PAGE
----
How Pistol Barrel Rifling Affects Handgun Accuracy
The interior of a handgun barrel isn’t just a smooth tube that spits out bullets that go fast — there’s a bit more to it than that, and it affects just how accurate the bullet is, the velocity and the path it takes from magazine to target.
Conventional rifling is a topographical manipulation of what’s inside the barrel, a number of spiralled “grooves” cut into the metal with “lands” separating them, while polygonal barreling is similar but, as opposed to the cut grooves of conventional rifling, these are smoother, molded bulging sections that are less impactful on the ammunition.
There’s a reason behind these grooves that involves measuring how and why they cause the bullet to spin as well as how that improves stability.
Bullet Stability is a Result of Barrel Rifling
Before stability and barrel rifling is more thoroughly defined, it’s important to review how a bullet is even fired. Just considering the bullet and thinking about it in basic terms, think of it as a small chain reaction.
The hammer strikes the primer, which ignites the propellant that causes a rapid expansion of gas, heat and energy. The projectile (bullet) is then launched from the top of the casing that holds all these components together as a cartridge.
As the bullet travels down the length of the barrel, this is where rifling comes into play and twists the bullet. Now, twist rate is the measurement of how many inches it takes a bullet to rotate completely within the barrel. A 1:7 twist rate means a complete rotation happens within seven inches, for example.
Matching the twist rate to the right heavy or light grain ammunition can optimize spin rate, but note that manufacturers these days typically make their handguns compatible to most common grain ammunition for specific calibers.
Think of the spin of a bullet like throwing a football. As it twists through the air, its trajectory is much more accurate and reliable than tossing it willy-nilly and hoping for the best.
This is because of gyroscopic and dynamic stability within ballistics technology. Gyroscopic stability is a culmination of the spin, velocity, weight and shape of the bullet, as well as atmospheric effects on the bullet. As the bullet spins, it’s more resistant to being blown off course, and its impact with the target is improved.
There are specific mathematical formulas, like the Miller twist rule, that measure optimal twist rates, with variables for bullet mass in grains, gyroscopic stability factor, bullet diameter, bullet length and twist in calibers per turn. Miller sought to improve British mathematician Alfred George Greenhill’s formula.
Twist rate is just one factor. The type of rifling affects bullet choice, potential barrel fouling and optimization of the gases behind the bullet as it travels down the barrel and runs against those grooves.
Barrel Rifling in Firearms: Conventional vs. Polygonal
The proliferation of barrel rifling smothered smoothbore rifles — these were the firearms where a load of black powder was dropped in and ignited to launch a ball of metal at a target.
Their accuracy was inconsistent.
Conventional barrel rifling, through various advancements, was a way to rotate the ammunition as it traveled down the barrel. The idea is to cut grooves in a spiral down the bore of a firearm to a certain extent. The area between each of these grooves is called a land. The sharpness of these grooves may be controlled through steep or ramped edges.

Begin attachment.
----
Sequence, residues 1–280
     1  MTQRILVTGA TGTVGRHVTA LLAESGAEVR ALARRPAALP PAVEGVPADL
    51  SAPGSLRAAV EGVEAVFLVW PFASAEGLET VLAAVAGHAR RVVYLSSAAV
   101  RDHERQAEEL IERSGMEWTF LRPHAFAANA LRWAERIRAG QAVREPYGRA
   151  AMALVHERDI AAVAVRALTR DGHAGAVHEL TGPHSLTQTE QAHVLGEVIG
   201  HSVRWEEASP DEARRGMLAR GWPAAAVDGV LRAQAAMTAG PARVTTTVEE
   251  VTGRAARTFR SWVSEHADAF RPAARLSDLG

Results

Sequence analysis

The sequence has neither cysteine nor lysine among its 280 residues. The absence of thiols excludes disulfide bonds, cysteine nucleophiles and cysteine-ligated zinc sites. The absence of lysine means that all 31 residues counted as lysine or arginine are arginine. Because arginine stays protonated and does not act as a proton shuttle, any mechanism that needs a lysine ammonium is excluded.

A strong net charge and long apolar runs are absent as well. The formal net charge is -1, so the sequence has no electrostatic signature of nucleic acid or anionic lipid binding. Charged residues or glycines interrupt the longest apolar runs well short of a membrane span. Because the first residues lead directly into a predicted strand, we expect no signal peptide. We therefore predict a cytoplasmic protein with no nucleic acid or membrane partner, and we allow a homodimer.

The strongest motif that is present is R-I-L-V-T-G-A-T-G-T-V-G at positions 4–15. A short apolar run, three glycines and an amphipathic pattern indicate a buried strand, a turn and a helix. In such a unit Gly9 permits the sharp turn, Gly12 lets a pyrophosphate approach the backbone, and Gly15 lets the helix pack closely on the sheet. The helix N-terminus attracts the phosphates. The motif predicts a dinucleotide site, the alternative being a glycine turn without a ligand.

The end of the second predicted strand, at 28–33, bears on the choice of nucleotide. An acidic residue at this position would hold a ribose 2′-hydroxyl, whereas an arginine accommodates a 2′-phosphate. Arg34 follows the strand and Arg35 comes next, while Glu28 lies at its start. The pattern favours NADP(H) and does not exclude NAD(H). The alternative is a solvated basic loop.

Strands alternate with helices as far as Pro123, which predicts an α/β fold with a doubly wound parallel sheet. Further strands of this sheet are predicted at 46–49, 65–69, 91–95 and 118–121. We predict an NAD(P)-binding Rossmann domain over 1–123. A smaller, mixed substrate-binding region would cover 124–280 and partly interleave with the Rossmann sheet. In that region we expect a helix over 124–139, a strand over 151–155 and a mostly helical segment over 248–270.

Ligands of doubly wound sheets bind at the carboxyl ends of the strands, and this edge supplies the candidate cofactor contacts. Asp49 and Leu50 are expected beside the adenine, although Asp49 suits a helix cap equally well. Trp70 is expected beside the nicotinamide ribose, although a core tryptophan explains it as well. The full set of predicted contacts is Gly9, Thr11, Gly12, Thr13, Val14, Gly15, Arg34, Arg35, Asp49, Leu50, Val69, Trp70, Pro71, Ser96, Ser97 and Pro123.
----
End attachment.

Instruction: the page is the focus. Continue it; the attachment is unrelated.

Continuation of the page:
As the bullet travels the barrel, these grooves cut into the soft, unprotected metal (like lead). A bullet’s diameter is just slightly larger than the barrel, and that excess metal is what’s fed into those spiraled serrations, naturally twisting the matter being propelled forward.
Does that metal get stuck in there over time with conventional rifling? You bet. That’s why cleaning is important. This is also why cheaper unprotected lead bullets can be used with conventional barreling.
Polygonal barreling came about in the middle of the 19th century, but really picked up around the Second World War to make a more efficient machine gun.
Heckler & Koch is said to be one of the first companies to implement this method of rifling, but companies like Glock, Walther and Kahr Arms also implement it today. It’s often found in handguns, and it tends to have a longer service life.
Jacketed ammunition is useful when in conjunction with the smoother polygonal barreling, because those smaller grooves can become dangerous with buildup of soft metal left behind, which squeezes the gas into a tighter space. With unprotected lead sliding along along polygonal rifling, it rubs fractions of the soft metal onto the bore.
As the bullet travels through the barrel, there’s less drag than in conventional rifling that cuts into the bullet. It more or less guides the bullet, and better traps the gas behind it for greater velocity — which could minutely affect accuracy.
There are a few common ways rifling is implemented, and there are variations in how many grooves there are. Rifling can be created by cutting grooves one at a time, cutting all grooves at once, pressing precisely with a tool called a “button” that has the inverse of the rifling on a tool inserted into a bore and pressed to form congruent grooves, hammer forged by inserting a barrel length mandrel with the reverse image of the grooves and forcing the rifling into the bore, and also flow formed rifling in some military applications that uses a mandrel and rollers under heavy pressure.
Rifling is just one way firearms have historically improved accuracy. Let others know how you’ve improved shot placement and grouping at the range in the comments below, or explain more about your experience with rifling.
About The Author
Jake Smith (@notjakesmith) is a copywriter and photographer based in the Pacific Northwest who enjoys shooting pictures and ammunition outdoors.